February 8, 1996 in Washington Voices

Reviving The Road South Valley Arterial Plans Are Sleeping, Only Dedication And Hard Lobbying Will Wake Them

By The Spokesman-Review
 

Unless something drastic happens soon, that long-debated commuter road called the South Valley Arterial will be dead. County Public Works Director Dennis Scott is quietly working to make something drastic happen.

It turns out county commissioners Steve Hasson and Phil Harris, who put the project on hold last July “to slow things down,” intended all along to simply let the arterial proposal die.

“I thought we gave that thing a sleeping pill last summer,” Hasson said last week. “It is dead. We’ve done everything but give it a proper eulogy.”

Harris agreed.

“I guess what he’s saying is true,” said Harris, who is a proponent of a beltway that would take traffic completely around the urbanized area. “We did put it to sleep. It’s probably yawned a few times, but I’d have to say it’s still sleeping.”

That puts into jeopardy nearly $10 million in federal money earmarked for the arterial.

But Scott hasn’t given up hope - not yet, anyway - of waking the South Valley Arterial project.

For the past several weeks, Scott has been lobbying private citizens who oppose the project, trying to drum up support.

He’s met and will meet again with members of the Spokane Valley Business Association, a group of business owners who organized two years ago to fight the arterial.

Scott, who said he thinks the road has merit, is trying to find a way to allay the group’s fears about the arterial.

County engineers estimate that the commuter road could draw as many as 40,000 cars off Interstate 90 and several thousand off Sprague Avenue each day.

That’s exactly the kind of talk that scares members of the Spokane Valley Business Association. Many of them are afraid reduced traffic on Sprague would hurt businesses.

“I believe there is some kind of compromise ground,” Scott said.

He’ll have to hurry to find it.

Federal officials will be reviewing the status of the arterial project this summer.

If it appears to be stalled, the money set aside by the federal Transportation Improvement Board could be lost forever and with it any chance the road would be built.

“If we’re not ready to send some kind of signal that we’re ready to move ahead by the end of June, we’re probably going to lose that window of opportunity,” Scott said.

Former county engineer Ron Hormann, who spent many years working on the arterial project, agreed.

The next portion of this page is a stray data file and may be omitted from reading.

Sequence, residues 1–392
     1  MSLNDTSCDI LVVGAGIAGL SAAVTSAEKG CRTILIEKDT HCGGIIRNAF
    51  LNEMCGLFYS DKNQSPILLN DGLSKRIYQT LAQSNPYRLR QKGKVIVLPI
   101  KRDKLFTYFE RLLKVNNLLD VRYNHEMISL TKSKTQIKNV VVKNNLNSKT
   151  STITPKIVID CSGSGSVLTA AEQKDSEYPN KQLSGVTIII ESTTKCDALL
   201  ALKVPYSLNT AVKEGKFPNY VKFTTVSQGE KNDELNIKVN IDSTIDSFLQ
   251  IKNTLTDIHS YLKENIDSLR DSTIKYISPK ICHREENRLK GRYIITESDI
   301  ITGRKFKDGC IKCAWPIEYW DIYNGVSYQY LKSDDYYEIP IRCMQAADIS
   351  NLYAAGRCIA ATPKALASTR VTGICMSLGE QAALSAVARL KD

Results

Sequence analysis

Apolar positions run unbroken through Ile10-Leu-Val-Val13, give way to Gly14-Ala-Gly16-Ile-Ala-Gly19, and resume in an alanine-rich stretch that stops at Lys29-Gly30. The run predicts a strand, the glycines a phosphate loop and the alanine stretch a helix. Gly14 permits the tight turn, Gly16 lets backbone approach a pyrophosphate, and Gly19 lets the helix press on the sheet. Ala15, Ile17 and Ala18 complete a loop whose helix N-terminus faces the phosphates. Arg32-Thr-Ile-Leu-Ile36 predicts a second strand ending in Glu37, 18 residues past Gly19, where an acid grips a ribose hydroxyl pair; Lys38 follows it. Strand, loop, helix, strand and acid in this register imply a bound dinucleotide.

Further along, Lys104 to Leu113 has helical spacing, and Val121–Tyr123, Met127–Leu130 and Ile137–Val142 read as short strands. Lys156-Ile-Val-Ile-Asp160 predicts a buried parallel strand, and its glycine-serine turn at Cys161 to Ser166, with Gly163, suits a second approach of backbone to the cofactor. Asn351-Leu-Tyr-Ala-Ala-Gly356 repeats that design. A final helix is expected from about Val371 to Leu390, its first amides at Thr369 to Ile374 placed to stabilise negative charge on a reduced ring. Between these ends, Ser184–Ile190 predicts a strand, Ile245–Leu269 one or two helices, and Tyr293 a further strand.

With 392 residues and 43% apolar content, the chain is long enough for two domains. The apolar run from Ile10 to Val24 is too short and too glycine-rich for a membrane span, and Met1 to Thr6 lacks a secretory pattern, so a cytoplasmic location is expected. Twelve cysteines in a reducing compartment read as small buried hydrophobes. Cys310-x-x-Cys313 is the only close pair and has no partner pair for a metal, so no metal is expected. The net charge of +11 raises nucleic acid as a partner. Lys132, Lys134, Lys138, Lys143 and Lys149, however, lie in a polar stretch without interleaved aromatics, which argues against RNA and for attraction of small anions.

“If there’s too much delay, they’ll say, ‘Well, it doesn’t look like this project is going anywhere,’ and they’ll cancel the funding,” said Hormann, a South Valley Arterial supporter who has announced he’ll run against Hasson this year. “That would be a shame.”

The $18 million arterial would run between Thierman and University roads on an old railroad right-of-way that lies parallel to and south of Fourth Avenue.

It could eventually extend all the way to Liberty Lake.

County engineers think the arterial would alleviate traffic on Interstate 90 and Sprague Avenue by giving the tens of thousands of people who live in the southern Valley an alternate east-west route.

The arterial had wide support among residents two years ago.

A March 1994 poll paid for by The Spokesman-Review found that 57 percent of the people surveyed favored the road. Thirty-one percent opposed the road. Twelve percent were undecided.

But the opposition spoke with a louder voice.

The Spokane Valley Business Association, several of whose members supported the campaigns of commissioners Harris and Hasson, raised a stink, challenging the necessity of the road and the validity of the project’s environmental impact statement.

The group formed a coalition with environmentalists who feared the road would hurt the Dishman Hills Natural Area and filed suit against the county to stop construction.

They put their lawsuit on hold after last July’s vote by commissioners.

Now Scott is out there looking for solutions.

He won’t say what he’s offering, only that he’s trying to open a dialogue to see if he can change some minds before it’s too late.

“If we can’t convince people that it’s a project worth doing, it will go away,” Scott said.

He probably won’t be able to convince Dick Behm, a charter member of the Spokane Valley Business Association and strong supporter of Harris.

The project is a bad idea, Behm said, and not just because it would draw business away from the creamery he operates on Sprague.

Behm said he thinks the Valley needs more north-south routes - like extending University Road north to Trent Avenue - not another eastwest corridor.

County engineers don’t dispute the need for more north-south routes, but say another east-west route is also needed to serve the expanding neighborhoods south of 32nd Avenue.

I-90 and Sprague are clogged to unacceptable levels during rush hours now, engineers say.

Behm said he thinks Scott is pushing the project because county road designers have so much time and money invested in the proposed arterial.

“Some engineer has a burr under his bonnet,” Behm said.

Hasson said he would not vote to revive the project.

The real solution to moving east-west traffic through the Valley faster is widening I-90 to three lanes in each direction between the Sprague interchange and the state line, he said.

“This South Valley Arterial is nothing but a stop-gap,” Hasson said. “The real problem is I-90.”

Scott doesn’t think the South Valley Arterial is a waste of time and money.

“I think there are some real legitimate reasons for doing something there,” he said of the arterial. “But we’ll have to see. Maybe in a couple weeks I’ll have a really big story for you.”

That, or a eulogy.

, DataTimes ILLUSTRATION: Color photo Map: South Valley Arterial


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